September 28, 2006

AARP Ranks Cornell 32nd Best Employer

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The American Association of Retired Persons recognized Cornell this past month as one of the best employers for older people.

Cornell ranked number 32 on AARP’s annual list of the top 50 employers for people over 50. Other universities selected from this year’s 123 applicants were MIT (number 7) and the University of Kentucky (number 30).

Representatives of The University flew to Chicago last Thursday for a special dinner honoring the award recipients.

According to the AARP, an organization of 35-million members focused on advancing the interests of older people, Cornell implemented two key initiatives over the past few years that helped it clinch a spot on this year’s list.

One is the Catastrophic Leave Donation, which allows staff members to donate leave time to co-workers who are out of paid leave but must miss work because they or a family member have experienced a dire health illness or injury. The other program is the Long Term Care Insurance, which helps employees cover costs from a chronic disease or long-term disability. Coverage can go towards services such as nursing homes, adult day care centers or home care.

Other benefits AARP cited include flexible work arrangements, comprehensive health coverage and opportunities for retirees, who can take six credits of coursework at any college within Cornell for free. Employees also can take courses on personal development and job skills and enroll at Cornell’s Adult University.

The University’s focus on employee learning and development proved a winning strategy last year when it made AARP’s list for the first time.

In 2005, Cornell ranked number five, just ahead of MIT.

“It is becoming an extremely competitive award,” said Lynette Chappell-Williams, the Director of the Office of Workforce Diversity, Equity and Life Quality, about why Cornell’s ranking had taken a nosedive from last year.

A comparison of the 2005 and 2006 rankings reveals a whirlwind of changes, not just for Cornell but also for other top contenders. Stanley Consultants, Inc., which reigned in first place last year, fell to number 12 this year. Deere & Company, a large agricultural and construction equipment manufacturer, plunged from number four to last place this year. On the other hand, MIT edged only one spot down from number six a year ago, and several organizations — like Mercy Health System, which shot up 11 places to become number one this year — improved in standing significantly.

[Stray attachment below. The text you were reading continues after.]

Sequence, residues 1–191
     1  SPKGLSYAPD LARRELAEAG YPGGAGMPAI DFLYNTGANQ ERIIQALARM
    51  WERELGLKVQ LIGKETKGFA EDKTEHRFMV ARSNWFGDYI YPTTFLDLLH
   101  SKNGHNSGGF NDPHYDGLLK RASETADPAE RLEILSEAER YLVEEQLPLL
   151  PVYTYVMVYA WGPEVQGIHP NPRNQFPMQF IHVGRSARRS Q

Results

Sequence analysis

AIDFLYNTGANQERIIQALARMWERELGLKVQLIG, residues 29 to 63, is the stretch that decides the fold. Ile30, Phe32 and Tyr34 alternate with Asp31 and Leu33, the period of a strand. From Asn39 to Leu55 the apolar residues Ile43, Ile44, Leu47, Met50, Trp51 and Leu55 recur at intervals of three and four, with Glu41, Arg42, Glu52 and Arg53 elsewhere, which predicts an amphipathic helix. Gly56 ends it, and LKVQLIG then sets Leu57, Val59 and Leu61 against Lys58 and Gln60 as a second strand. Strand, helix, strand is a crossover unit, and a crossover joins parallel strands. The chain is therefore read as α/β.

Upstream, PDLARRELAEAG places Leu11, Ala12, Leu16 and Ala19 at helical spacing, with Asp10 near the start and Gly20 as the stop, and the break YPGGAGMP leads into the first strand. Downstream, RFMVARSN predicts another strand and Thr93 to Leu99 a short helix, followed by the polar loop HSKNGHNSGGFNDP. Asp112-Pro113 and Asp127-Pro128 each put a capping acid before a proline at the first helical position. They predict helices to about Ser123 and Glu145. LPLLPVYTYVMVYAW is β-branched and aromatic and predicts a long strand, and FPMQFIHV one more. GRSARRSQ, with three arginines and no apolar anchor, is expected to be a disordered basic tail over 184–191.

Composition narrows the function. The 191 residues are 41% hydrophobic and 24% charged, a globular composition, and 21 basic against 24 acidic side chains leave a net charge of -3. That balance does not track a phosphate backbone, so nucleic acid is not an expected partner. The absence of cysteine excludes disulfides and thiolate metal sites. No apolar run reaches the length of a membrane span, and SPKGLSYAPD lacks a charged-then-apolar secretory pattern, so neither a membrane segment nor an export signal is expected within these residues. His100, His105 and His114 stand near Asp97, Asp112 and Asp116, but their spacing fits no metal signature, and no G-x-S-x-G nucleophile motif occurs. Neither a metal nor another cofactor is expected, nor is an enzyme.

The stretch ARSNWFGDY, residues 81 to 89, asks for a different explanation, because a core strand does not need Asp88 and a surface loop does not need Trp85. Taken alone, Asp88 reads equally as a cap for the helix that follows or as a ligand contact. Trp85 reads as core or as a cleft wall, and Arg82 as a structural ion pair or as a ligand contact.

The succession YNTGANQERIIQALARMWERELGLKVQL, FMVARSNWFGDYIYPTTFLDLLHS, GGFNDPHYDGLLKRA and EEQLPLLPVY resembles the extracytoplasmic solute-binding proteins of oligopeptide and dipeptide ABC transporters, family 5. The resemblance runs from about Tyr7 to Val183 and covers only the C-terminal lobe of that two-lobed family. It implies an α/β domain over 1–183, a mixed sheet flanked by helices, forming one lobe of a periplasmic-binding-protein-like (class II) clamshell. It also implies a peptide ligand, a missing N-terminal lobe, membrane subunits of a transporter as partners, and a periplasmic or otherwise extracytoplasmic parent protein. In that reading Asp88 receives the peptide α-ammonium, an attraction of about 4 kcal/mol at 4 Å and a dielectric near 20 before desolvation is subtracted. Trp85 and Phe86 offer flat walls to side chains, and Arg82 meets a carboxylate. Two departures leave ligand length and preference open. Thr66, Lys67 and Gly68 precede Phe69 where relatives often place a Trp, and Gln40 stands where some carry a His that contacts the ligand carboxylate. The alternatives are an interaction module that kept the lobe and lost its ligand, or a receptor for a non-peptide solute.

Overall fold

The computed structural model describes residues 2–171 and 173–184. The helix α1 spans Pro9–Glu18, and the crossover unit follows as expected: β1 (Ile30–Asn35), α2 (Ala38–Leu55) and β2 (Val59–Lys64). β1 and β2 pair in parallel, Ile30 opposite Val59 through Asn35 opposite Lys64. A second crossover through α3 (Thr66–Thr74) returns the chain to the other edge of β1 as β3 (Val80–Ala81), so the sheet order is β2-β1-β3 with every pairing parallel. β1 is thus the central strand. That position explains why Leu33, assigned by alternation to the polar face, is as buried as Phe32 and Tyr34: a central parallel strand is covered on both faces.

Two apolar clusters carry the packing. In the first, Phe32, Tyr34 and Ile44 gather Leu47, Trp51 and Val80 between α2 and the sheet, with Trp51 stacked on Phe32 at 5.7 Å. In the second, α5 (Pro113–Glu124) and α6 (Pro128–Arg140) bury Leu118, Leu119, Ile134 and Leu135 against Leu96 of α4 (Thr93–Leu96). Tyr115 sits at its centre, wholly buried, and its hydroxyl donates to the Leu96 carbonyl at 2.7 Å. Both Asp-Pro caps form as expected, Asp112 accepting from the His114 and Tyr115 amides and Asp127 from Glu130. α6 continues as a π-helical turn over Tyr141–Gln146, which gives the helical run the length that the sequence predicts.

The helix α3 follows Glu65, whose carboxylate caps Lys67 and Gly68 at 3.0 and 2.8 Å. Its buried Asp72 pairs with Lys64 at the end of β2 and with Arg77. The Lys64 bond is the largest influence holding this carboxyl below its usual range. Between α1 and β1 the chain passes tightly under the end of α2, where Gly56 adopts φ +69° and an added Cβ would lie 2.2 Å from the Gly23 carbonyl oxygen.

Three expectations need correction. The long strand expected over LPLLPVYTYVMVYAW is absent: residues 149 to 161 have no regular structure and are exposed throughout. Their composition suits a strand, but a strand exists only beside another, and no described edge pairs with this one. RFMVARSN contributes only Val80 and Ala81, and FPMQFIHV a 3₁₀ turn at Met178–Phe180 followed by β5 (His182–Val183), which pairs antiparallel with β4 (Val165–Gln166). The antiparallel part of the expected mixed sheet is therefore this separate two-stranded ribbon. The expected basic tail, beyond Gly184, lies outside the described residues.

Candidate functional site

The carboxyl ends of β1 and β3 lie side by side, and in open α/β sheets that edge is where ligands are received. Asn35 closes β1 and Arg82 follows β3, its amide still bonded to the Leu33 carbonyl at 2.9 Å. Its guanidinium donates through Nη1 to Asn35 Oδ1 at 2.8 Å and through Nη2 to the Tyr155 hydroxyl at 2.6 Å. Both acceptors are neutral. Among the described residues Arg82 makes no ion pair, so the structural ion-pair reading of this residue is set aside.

Deborah Russell, AARP director of workforce issues and the mastermind behind the best employers list, explained that organizations seesaw up and down on the list because they compete against each other, not against established benchmarks.

“It’s not that Cornell did anything wrong or dropped any particular program or policy, it’s really about what other companies are in the mix,” she said.
When asked what Cornell can improve upon for next year, Chappell-Williams said that the University will benchmark against other companies and institutions to identify areas where more resources are needed.

“What we will be doing is looking at those organizations who also made the list and comparing what we have in place to what they have. We will be talking with AARP. They do provide a report card on different areas,” she said.

After examining Cornell’s policies and programs, Russell said she believes Cornell may have opportunities for improvement in its work schedule flexibility and in utilizing its retired workforce.

Based on last year’s findings, the Office of Human Resources is exploring different resources for employees who take care of elder family members. Chappell-Williams said that the University has already put in place workshops on how to fund elder care and connect with agencies around Ithaca, but it is attempting to direct information and programs on a national level as well.